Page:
The road to and from Yumbe is becoming very familiar these days! A person can almost anticipate every turn, every pothole, every rock on the way – that is, if one could see the road through all the dust! Oh! How we long for the rainy season to start. Of course, that will have its challenges, too, by turning the roads into mud pits!
A Danish proverb says, “The road to a friend’s house is never long.” In the same way, in spite of the rough, hot and dusty ride, our reason for traveling to Yumbe overcomes the distance and discomfort and finds us happy to engage in yet another meeting with Aringa Imams and Sheikhs or working in partnership with Charles and Pilgrim Church in ministry to the Yumbe District community.
This last Tuesday, Jacob, Emma, Zakeo and I returned to Yumbe (Apo Sub-county). At Apo Seed Secondary School (a very nice facility), we met with 45 Imams and Sheikhs. There were to be 60; however, a well-revered, elderly Imam from the nearby Mosque passed away and many were attending his funeral.
As always, the meeting started out with introductions and a couple of very short speeches by key leaders from the community. We also passed out some gift bags and literature, all of which the attendees were eager to receive. At every Dialogue, there is that reminder that we are, indeed, having a dialogue and not a debate; we are not trying to undermine each other, but to understand each other. So far, this approach has worked well. Though we have known of a few who oppose our coming, that we just had our 12th Dialogue is proof positive that the opposition is in the minority. We have always been warmly welcomed.
“I believe in language even though it has been wounded, deformed, and perverted by the enemies of mankind. And I continue to cling to words because it is up to us to transform them into instruments of comprehension rather than contempt. It is up to us to choose whether we wish to use them to curse or to heal, to wound or to console.” – Elie Wiesel
Jacob is typically given the first slot of time to present his words (most of which focus on who Jesus is according to Christians). This time, because we were also offering an Ag extension portion, Jacob took less time and decided to explain the Gospel in story form – a story he created to describe creation, the fall of man (in the Garden), redemption (through Christ) and consummation (being reunited with the Father). It was a particularly effective story (in which the audience seemed sincerely engaged) with its setting being a rural village and…a latrine pit; the story line was something to which everyone could relate.
Emma “grabbed the baton” after Jacob and presented “Growing Bananas as a Business”, a topic which had been requested by several Muslims at the last Dialogue. Agriculture nearly and dearly touches these people’s lives. For many, it is one of the only means of potential income-generating activity. To each participant, a booklet of agricultural principles and practices (written by Emma) was provided. A bunch of RAU grown Matooke bananas was brought as a gift and for inspiration (given that the banana came to fruit during the dry season due to the way in which it was planted and managed) – instructions included. Emma concluded by answering their many questions.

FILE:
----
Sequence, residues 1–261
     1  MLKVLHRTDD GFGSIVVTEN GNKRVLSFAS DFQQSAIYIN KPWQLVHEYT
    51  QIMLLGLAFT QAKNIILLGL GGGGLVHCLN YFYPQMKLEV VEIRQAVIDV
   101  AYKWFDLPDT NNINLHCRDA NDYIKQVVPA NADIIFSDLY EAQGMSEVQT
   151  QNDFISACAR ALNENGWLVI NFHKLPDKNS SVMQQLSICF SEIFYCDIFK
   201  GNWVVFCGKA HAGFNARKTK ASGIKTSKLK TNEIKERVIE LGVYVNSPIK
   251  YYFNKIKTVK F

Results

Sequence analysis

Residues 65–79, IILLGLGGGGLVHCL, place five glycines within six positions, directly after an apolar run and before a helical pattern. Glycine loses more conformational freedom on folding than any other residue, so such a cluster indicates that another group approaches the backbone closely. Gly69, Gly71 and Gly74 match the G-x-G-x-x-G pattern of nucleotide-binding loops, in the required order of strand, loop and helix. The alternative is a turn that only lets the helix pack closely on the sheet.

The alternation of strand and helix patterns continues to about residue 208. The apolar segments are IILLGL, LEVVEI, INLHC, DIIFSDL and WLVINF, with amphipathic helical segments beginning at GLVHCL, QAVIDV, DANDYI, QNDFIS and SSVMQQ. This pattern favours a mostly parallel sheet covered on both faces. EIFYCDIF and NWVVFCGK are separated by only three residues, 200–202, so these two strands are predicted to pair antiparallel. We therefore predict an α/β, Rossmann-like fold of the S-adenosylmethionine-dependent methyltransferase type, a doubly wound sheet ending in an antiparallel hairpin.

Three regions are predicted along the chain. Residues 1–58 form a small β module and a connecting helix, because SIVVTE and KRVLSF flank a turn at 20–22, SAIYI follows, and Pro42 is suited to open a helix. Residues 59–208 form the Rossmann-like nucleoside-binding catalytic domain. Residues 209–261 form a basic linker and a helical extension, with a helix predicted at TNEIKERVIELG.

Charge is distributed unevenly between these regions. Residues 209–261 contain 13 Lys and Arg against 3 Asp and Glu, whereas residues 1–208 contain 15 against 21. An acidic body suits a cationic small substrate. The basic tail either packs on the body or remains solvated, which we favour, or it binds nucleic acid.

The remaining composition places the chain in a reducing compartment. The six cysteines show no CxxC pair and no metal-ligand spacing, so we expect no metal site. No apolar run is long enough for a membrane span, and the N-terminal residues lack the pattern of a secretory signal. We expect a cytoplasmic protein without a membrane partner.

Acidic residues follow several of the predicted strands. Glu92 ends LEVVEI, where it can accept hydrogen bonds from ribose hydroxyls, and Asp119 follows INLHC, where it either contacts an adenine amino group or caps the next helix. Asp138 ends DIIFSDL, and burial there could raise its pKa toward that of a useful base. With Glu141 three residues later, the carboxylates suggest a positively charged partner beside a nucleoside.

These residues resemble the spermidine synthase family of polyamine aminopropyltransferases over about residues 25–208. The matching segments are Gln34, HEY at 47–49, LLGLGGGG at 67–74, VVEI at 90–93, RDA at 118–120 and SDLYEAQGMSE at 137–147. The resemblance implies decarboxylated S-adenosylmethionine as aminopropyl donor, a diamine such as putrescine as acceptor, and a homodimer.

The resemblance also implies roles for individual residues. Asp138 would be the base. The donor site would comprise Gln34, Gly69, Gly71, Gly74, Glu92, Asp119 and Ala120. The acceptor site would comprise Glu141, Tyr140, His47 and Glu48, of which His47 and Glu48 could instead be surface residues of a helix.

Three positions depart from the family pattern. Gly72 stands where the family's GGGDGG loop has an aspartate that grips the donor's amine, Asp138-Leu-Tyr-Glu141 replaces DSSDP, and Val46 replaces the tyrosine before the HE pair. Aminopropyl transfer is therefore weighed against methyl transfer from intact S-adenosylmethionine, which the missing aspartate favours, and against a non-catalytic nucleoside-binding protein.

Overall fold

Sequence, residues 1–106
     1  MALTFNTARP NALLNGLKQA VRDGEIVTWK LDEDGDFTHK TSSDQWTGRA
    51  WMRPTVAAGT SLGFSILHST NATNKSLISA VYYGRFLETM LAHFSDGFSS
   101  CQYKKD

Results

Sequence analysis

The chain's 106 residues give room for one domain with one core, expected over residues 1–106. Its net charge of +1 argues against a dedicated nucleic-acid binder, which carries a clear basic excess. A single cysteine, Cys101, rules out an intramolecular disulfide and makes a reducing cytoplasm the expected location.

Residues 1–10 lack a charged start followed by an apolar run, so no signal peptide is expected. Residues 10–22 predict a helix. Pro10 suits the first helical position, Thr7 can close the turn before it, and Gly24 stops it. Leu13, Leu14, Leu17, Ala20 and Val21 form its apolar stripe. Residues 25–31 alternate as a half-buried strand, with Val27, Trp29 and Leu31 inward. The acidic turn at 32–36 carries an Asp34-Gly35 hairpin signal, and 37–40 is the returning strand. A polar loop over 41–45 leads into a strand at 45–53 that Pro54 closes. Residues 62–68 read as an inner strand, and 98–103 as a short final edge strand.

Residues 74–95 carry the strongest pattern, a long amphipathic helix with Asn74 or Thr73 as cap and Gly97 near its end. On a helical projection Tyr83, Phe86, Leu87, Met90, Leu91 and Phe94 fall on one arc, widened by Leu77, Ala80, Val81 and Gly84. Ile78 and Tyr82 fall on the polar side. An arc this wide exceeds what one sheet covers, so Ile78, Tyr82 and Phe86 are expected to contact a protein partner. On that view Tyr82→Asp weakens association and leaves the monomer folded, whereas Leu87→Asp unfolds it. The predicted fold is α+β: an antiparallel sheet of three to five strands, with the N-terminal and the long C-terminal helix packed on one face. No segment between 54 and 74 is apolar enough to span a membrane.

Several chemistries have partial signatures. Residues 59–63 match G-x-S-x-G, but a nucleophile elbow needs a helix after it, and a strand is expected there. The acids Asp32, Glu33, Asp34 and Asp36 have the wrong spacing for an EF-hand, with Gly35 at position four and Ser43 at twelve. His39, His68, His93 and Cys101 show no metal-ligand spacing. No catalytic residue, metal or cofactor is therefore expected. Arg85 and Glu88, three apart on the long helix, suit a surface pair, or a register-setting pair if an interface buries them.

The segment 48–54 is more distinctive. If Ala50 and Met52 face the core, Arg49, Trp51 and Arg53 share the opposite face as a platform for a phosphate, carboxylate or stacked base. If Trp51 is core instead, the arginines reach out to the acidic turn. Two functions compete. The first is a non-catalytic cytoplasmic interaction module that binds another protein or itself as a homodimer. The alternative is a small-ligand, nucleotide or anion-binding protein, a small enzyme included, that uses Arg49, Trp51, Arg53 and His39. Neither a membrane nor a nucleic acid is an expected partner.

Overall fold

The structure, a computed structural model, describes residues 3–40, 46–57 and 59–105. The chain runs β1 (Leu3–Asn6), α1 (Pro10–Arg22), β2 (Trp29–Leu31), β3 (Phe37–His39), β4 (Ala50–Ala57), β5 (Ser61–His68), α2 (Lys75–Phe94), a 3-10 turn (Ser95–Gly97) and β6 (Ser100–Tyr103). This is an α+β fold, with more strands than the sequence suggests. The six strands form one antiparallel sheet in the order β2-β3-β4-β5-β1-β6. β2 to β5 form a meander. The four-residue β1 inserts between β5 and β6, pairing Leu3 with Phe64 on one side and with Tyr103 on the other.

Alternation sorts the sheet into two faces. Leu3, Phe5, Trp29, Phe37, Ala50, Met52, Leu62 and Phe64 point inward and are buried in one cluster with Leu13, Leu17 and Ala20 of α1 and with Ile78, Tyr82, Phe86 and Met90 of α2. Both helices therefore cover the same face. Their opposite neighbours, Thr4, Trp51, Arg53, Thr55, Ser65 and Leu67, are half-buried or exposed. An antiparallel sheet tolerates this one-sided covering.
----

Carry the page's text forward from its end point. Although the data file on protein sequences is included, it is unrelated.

Both Jacob and Emma are gifted teachers with their own styles – Jacob, personal and animated and Emma, instructive and participatory.
Part way in to Emma’s Ag session, we noticed that people were coming and going. The facilitator said the men were taking turns to go outside for their noon prayers. Rather than anyone missing parts of the teaching, we stopped for a short while to allow them the opportunity for their ritual washing and prayers and then resumed the Ag teaching.
The Yumbe Muslims also have their “go-to” person whom they respect and call upon to represent their faith. This time, he was feeling poorly due to a bout of Malaria (we had the opportunity to give him anti-malaria meds and pain pills), but he did not let the opportunity pass him by to very graciously offer his perspectives and clarifications about Islamic beliefs. He shared about a common belief we have: being rude to the person to whom you are explaining your beliefs does no good thing in winning them to your side. He expressed appreciation that Jacob has maintained a gracious mode of sharing what Christians believe.
It was a long day – without a lunch break! (We provide them a small amount of money to cover a meal and transport.) However, not a time goes by when we don’t leave these meetings with a pleasant sense of accomplishment and growing friendship and favor. During the meeting, one of the very top leaders offered Jacob several opportunities to meet again with Imams and Sheikhs in the area. We praise God for this friendly platform from which to share who Jesus is from a biblical perspective and to clear up misunderstandings which Muslims have about our beliefs. Our sincere and loving hope is that, one day, many, if not all, will have their eyes opened to see the beautiful Savior, Jesus – the Lamb of God who takes away the sins of the world!
With Love and Appreciation,
Carol (Jacob) Lee
For those who have asked, small packages and letters may safely be sent to:
Jacob & Carol Lee, PO. 55, Moyo Uganda, East Africa
The greatest evil is having the gospel and not doing everything within our power to get it to those who do not have it. (Jacob Lee)
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